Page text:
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Hercules Walks Away From Starz’ Dopey Series CRASH!!

I am – Hercules!!
A drama from writers Glen Mazzara (“Nash Bridges,” “The Shield”), Ted Mann (“Total Recall 2070,” “Skin,” “NYPD Blue,” “Deadwood”) and Randy Huggins (“The Shield,” “The Unit”), “Crash” – like the Oscar-winning movie from which it takes its name and concept (but not characters or actors)– looks into the lives of several interconnected Los Angeles residents: A record producer, his driver, a handful of bad cops, a handful of unhappy wives, a paramedic, etc. Like the movie, the series works to show the good in outwardly racist characters. As terrible as the 2004 movie was, the pilot is worse, maxed out with extra-obnoxious, cartoonish, low-end TV-grade characters, wince-inducing dialogue, plotting that runs the gamut from amateurish to idiotic, bad acting, sloppy direction and appalling, groan-worthy stabs at comedy. Cars crash, surgeries are performed, sex is indulged, drugs are ingested, but it’s virtually impossible to care about any of the people depicted – surprising in light of the sheer number of players the project introduces.
Entertainment Weekly gives it an “D” and says:
… a swampy mess of ludicrous dialogue, disconnected characters, and offensively stupid plotting. Dennis Hopper, as a nasty, bigoted record-industry mogul who speaks in baroque Tourette's-meets-Beat-poetry paragraphs, is not even the worst of it. Frankly, no one seems to be at the wheel. …
USA Today says:
… it won't take you much longer than Dennis Hopper's opening, venomous rant to decide whether you think this Crash is a good idea. It isn't, but it can teach a few lessons to other cable networks: There's a difference between bravery and stupidity, and just because you're the only outlet brave or stupid enough to do a show doesn't mean it's worth doing.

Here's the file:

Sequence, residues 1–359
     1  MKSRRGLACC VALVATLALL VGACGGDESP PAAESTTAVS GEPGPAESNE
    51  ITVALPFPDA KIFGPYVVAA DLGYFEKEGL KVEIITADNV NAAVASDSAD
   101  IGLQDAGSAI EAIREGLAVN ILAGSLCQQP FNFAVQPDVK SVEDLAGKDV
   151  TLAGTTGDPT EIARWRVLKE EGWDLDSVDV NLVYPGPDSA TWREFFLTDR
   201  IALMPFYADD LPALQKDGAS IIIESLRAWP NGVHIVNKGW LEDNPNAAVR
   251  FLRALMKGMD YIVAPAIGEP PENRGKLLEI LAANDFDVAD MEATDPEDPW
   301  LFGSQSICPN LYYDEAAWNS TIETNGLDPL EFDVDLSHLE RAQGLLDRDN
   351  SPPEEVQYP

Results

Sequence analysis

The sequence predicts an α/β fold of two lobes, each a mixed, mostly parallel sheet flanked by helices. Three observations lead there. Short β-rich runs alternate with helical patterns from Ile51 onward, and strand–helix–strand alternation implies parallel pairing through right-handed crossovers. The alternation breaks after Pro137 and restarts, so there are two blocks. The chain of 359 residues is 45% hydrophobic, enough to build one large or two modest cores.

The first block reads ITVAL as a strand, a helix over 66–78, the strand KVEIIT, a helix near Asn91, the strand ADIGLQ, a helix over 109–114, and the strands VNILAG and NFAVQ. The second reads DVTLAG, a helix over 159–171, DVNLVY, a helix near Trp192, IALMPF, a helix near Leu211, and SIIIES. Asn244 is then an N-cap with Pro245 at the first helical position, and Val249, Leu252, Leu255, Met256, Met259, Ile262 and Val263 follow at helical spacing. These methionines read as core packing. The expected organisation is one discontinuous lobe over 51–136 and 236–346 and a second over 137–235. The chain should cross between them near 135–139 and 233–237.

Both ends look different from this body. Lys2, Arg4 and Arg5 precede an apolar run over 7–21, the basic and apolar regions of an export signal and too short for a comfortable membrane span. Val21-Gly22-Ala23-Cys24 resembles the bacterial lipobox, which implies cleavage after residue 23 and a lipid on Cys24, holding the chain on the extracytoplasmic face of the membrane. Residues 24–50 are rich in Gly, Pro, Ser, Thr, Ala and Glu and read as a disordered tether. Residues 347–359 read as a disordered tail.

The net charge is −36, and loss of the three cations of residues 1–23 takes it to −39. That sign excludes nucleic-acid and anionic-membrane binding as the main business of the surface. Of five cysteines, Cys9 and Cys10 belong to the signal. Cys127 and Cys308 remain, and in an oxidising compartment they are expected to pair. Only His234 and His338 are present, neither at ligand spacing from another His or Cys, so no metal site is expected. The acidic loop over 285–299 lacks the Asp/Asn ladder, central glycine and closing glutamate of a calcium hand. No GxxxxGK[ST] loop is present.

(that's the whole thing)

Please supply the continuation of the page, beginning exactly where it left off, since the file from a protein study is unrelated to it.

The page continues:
TV Guide says:
… skitters along the surface of various racial, sexual, class and moral-ethical conflicts without immersing us fully enough in any individual story line. …
The New York Times says:
… hardly the most original depiction of Los Angeles, but “Crash” has a noirish appeal, and ambitions to tell a big story. …
The Chicago Tribune says:
… somewhat reliant on clichés. The show clearly wants to say something complicated about race and class in Los Angeles, but a number of the situations and characters on the show feel like situations and people we've seen before …
The San Francisco Chronicle says:
… neither crackles with excitement nor leaves you wanting to find out about any of the characters. … begins and ends without raising your pulse or making you think. …
The Newark Star-Ledger says:
… an hour of unpleasant yet bland people occasionally bumping into each other and saying racially provocative things. … Despite the requisite car crash, a shooting and Ben trying to start a knife fight, it's a fairly sluggish hour. Much of that again goes to the writing: if I cared more about the people involved, I wouldn't mind a slow pace … unless "Crash" the show improves rapidly, it'll just provide more fuel for the people angered that the movie beat out "Brokeback Mountain" and "Munich" for the big prize.
The Boston Herald says:
There are many bad TV shows on the air, but few genuinely disgusting ones. And then there’s “Crash,” an ungodly mash of nudity, profanity, over-the-top acting and loathsome plotting. … Imagine “Third Watch” if everyone involved were addicted to crystal meth. Oh, and insane. That’s about the only way to make sense of this show. …
The Boston Globe says:
… a show that's madly in love with its own daring and importance. … tries too hard, and fails hard too.
Variety says:
… To the extent a disclaimer is necessary, count me among the detractors in the great "Crash" debate of 2004, having found the movie heavy-handed even as a stylized rendering of Los Angeles. That's almost irrelevant, however, in evaluating this shoddy new series … Messy at best, the two-episode premiere suffers from wildly uneven performances, beginning with Dennis Hopper at his manic worst. …
The Hollywood Reporter says:
… Even more stupefying one-dimensional than the film, the series blasts out a collection of crude, disturbing images without a true unifying theme. No longer an allegory, it has devolved into an excuse to shock and repulse … Like the film that preceded it, the series wants us to believe there is race-baiting danger and mayhem lurking around every corner of our fair metropolis but lacks even the courage of these convictions. The racial fire is oddly muted, the characters disturbingly undefined, the interaction frustratingly nondescript. It's unclear what the show aims to be other than chaotic and boorish. On those counts, sadly, it succeeds brilliantly.
10 p.m. Friday. Starz.


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